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United States Department of Agriculture

Agricultural Research Service

Title: Genic SSRs for European and North American Hop (Humulua lupulus L.)

Authors
item Bassil, Nahla
item Gilmore, Barbara
item Oliphant, James
item Hummer, Kim
item Henning, John

Submitted to: Genetic Resources and Crop Evolution
Publication Type: Peer Reviewed Journal
Publication Acceptance Date: November 4, 2007
Publication Date: December 20, 2007
Repository URL: http://hdl.handle.net/10113/43717
Citation: Bassil, N.V., Gilmore, B.S., Oliphant, J.M., Hummer, K.E., Henning, J.A. 2007. Genic SSRs for European and North American Hop (Humulua lupulus L.). Genetic Resources and Crop Evolution. Available: www.springerlink.com/content/d000k04454n55v2p/fulltext.pdf

Interpretive Summary: Hop is an important crop in the Pacific Northwest and a collection is preserved at the U.S. Department of Agriculture, Agricultural Research Service, National Clonal Germplasm Repository, in Corvallis, OR. Our objectives were to evaluate genetic tools for estimation of genetic diversity and for genotype identification in a representative subset of European (EU) and North American (NA) accessions. The EU group contained 14 cultivated varieties and 10 wild genotypes while the NA group consisted of 22 wild genotypes collected from two geographic areas of the US: North Central (NC) and Southwestern (SW). We used eight microsatellite or simple sequence repeat (SSR) markers present in 7 hop genes. Based on SSR analysis, the hop genotypes formed two groups: a European and a North American group. These 8 SSRs were useful in uniquely identifying each accession with the exception of two sets of European landraces and a pair of Japanese cultivars, ‘Shinshuwase’ and ‘Kirin II’. An accession from Manitoba grouped with the EU cluster reflecting its similarity to older Manitoba germplasm used to develop ‘Brewers Gold’ and the genotypes arising from this cultivar. Cultivars grouped closely with one of their immediate parents. ‘Perle’ grouped with its parent ‘Northern Brewer’ and ‘Willamette’ grouped with its parent ‘Fuggle H’. Wild American accessions were grouped based on geographical location into two groups: a North Central group and a Southwestern group. These eight SSRs will be valuable for genotype identification in European and wild American germplasm and may potentially prove useful for facilitating cultivar selection in hop.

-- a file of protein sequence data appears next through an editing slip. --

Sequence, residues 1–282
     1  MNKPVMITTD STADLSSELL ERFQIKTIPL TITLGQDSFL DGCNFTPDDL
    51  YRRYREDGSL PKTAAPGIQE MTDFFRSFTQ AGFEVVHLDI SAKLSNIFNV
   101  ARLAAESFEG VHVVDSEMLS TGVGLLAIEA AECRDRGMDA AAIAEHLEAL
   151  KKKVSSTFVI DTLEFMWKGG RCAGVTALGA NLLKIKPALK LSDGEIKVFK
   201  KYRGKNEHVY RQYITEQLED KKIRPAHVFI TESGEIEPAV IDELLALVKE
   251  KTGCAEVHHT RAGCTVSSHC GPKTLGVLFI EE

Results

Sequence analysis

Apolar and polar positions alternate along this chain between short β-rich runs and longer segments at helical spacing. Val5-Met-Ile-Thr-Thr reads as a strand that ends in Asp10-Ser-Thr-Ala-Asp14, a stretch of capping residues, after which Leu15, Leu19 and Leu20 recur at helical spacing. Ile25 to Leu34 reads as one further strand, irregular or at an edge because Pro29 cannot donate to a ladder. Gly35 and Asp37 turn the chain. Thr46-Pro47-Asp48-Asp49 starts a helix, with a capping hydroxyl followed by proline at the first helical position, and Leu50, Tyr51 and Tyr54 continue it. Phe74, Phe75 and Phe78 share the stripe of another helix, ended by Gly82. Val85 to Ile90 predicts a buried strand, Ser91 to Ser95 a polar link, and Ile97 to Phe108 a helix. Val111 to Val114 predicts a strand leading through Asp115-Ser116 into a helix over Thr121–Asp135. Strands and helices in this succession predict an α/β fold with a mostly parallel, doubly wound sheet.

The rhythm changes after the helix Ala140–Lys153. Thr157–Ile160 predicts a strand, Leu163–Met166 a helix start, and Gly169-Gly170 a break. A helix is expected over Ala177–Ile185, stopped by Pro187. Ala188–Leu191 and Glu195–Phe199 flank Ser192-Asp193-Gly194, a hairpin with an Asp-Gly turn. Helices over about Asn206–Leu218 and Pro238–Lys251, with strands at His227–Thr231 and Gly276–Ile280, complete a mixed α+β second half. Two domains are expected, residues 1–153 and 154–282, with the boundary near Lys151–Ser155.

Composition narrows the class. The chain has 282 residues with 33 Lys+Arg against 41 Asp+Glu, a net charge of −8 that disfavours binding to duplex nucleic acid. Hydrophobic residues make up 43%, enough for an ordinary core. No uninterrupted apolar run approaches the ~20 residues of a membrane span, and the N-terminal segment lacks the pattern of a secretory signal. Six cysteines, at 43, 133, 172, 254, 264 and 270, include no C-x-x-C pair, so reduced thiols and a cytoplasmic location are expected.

Technical Abstract: Eight genic SSR loci were evaluated for genetic diversity assessment and genotype identification in Humulus lupulus L. from Europe and North America. Genetic diversity, as measured by three diversity indices, was significantly lower in European cultivars than in North American wild accessions. Neighbor Joining cluster analysis separated the hop genotypes into European and North American groups. These eight SSRs were useful in uniquely identifying each accession with the exception of two sets of European landraces and a pair of Japanese cultivars, ‘Shinshuwase’ and ‘Kirin II’. An accession from Manitoba grouped with the European (EU) cluster reflecting the group’s genetic similarity to older Manitoba germplasm used to develop ‘Brewers Gold’ and the gene pool arising from this cultivar. Cultivars grouped closely with one of their immediate parents. ‘Perle’ grouped with its parent ‘Northern Brewer’ and ‘Willamette’ grouped with its parent ‘Fuggle H’. Wild American accessions were divided into two subgroups: a North Central group containing mostly H. lupulus var. lupuloides and a Southwestern group containing H. lupulus var. neomexicanus accessions. These eight SSRs will be valuable for genotype identification in European and wild American germplasm and may potentially prove useful for marker-assisted selection in hop. PCR products from four previously reported primer pairs that amplify the same intronic SSR regions as do the genic SSRs in this study were compared in eight common cultivars. Different primer pairs generated robust markers at the chs2 and chi loci. However, only the HLC-004B and HLC-006 primer pairs amplified successfully at the chs3 and chs4 loci.

Last Modified: 11/24/2014
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